It was the location that made the killings stand out — an elementary school in violence-racked San Bernardino, a community still recovering from a mass shooting that left 14 people dead less than two years ago. But the sad reality is that Monday’s murder-suicide committed in a special needs classroom at North Park Elementary School was as mundane as American gun violence gets — because it was not an act of terrorism or an attack by disgruntled students on their classmates. Rather, it was an act of domestic violence, the kind that occurs every single day in the United States.
Cedric Anderson, 53, checked in at the school office Monday morning saying he needed to drop something off for his estranged wife, Karen Smith, described by a colleague as a “beloved teacher” who “went to bat for every one of her students.” Waved onto the campus, Anderson opened the door to Smith’s classroom, pulled out a hidden .357 handgun and began firing, killing Smith and wounding two nearby students. Then Anderson reloaded his gun and killed himself.
There was an almost palpable sense of relief when the initial toll of two dead and two wounded didn’t climb, as so often happens. But then it did: 8-year-old Jonathan Martinez, one of the wounded children, died at the hospital before he could make it into surgery. Still, given that the classroom held 15 students and two adult aides, it could easily have been an even worse tragedy. Such are the grim emotional calculations we make in such a violent nation.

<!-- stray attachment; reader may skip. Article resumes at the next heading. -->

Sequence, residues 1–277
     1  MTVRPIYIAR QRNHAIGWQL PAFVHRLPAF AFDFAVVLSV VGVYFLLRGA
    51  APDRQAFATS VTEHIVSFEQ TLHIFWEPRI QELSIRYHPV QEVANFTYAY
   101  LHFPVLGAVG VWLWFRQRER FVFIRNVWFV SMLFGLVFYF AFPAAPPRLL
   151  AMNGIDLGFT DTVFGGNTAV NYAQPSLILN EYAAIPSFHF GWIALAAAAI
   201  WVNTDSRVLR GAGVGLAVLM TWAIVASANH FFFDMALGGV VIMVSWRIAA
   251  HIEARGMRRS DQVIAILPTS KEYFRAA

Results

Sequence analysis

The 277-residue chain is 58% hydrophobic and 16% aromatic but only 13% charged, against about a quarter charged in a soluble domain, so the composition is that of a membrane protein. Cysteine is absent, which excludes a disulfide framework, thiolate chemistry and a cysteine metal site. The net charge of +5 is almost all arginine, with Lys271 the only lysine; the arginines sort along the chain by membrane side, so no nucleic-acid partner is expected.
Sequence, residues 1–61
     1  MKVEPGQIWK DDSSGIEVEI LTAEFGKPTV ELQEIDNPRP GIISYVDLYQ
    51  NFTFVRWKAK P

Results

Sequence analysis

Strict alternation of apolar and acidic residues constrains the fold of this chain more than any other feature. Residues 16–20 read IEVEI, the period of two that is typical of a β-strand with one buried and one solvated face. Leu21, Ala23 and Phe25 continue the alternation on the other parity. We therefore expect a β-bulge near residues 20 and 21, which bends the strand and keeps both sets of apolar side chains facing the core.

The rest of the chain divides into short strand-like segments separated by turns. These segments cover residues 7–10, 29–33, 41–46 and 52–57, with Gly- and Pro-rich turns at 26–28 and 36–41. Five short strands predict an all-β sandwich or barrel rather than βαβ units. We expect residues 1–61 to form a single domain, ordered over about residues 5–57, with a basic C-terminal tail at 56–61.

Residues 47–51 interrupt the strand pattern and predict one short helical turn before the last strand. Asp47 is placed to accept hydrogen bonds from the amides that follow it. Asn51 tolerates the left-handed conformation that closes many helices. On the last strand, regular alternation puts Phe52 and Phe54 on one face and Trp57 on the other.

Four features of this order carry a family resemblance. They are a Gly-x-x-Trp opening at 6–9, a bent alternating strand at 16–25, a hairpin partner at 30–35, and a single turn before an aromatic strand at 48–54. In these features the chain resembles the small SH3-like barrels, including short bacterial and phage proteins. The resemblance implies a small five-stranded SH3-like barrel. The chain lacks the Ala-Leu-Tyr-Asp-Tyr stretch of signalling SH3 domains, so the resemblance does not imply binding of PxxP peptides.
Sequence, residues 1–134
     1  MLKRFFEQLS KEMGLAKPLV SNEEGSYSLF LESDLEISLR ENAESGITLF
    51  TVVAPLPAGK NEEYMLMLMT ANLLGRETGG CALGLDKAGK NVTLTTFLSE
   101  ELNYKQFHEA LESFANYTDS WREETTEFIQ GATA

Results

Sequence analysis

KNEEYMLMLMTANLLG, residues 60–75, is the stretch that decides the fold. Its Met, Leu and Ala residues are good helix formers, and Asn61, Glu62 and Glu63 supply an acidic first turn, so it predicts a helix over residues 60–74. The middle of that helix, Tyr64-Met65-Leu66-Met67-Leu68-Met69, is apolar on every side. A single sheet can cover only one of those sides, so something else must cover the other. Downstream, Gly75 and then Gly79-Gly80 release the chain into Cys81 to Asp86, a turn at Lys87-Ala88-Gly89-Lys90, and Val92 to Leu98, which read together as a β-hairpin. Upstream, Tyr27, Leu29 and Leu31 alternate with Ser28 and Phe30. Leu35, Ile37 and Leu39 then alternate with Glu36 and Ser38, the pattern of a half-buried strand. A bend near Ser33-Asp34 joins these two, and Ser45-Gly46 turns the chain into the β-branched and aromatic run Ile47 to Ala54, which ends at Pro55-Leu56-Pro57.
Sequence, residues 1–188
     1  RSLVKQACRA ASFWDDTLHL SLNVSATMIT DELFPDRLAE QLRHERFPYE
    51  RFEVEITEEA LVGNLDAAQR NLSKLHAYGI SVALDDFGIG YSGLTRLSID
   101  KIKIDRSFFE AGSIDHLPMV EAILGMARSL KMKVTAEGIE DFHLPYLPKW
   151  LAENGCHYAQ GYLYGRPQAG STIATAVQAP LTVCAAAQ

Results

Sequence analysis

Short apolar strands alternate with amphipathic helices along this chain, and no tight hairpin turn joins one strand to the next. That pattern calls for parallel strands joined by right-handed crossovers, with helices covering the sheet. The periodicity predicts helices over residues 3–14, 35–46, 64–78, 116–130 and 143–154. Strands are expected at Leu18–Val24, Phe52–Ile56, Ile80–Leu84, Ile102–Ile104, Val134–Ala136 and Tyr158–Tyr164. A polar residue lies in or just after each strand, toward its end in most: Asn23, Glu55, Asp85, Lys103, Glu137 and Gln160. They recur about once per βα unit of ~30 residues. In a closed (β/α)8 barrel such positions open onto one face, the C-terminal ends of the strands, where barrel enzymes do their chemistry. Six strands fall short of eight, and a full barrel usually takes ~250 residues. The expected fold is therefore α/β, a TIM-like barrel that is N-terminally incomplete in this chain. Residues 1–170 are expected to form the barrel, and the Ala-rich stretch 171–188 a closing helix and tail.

School shootings have grabbed so many headlines in recent years that we’ve almost become accustomed to them. Yet lethal domestic violence is so much more frequent, it’s overlooked by the media, and we as a society seem to have stopped noticing long ago.
It’s disturbing to think that if Anderson hadn’t killed his wife in such a public and dramatic way, the crime would have barely rippled beyond the grief of their families and friends. In fact, The Trace — a nonprofit journalism site that covers firearms — reports that a woman is shot and killed by a current or former romantic partner every 16 hours, and that a woman is five times more likely to be killed if the abuser has access to a gun. The pro-gun control group Everytown for Gun Safety reported in 2014 that more than half of women murdered with guns in the U.S. are killed by domestic partners, and that from January 2009 through June 2014, nearly three of five mass shootings (at least four people killed or wounded) involved an act of domestic violence — crimes that rarely resonate beyond the communities in which they occurred.
That such acts of gun violence have become so routine, and that so little is done to address the problem, is the broader tragedy here.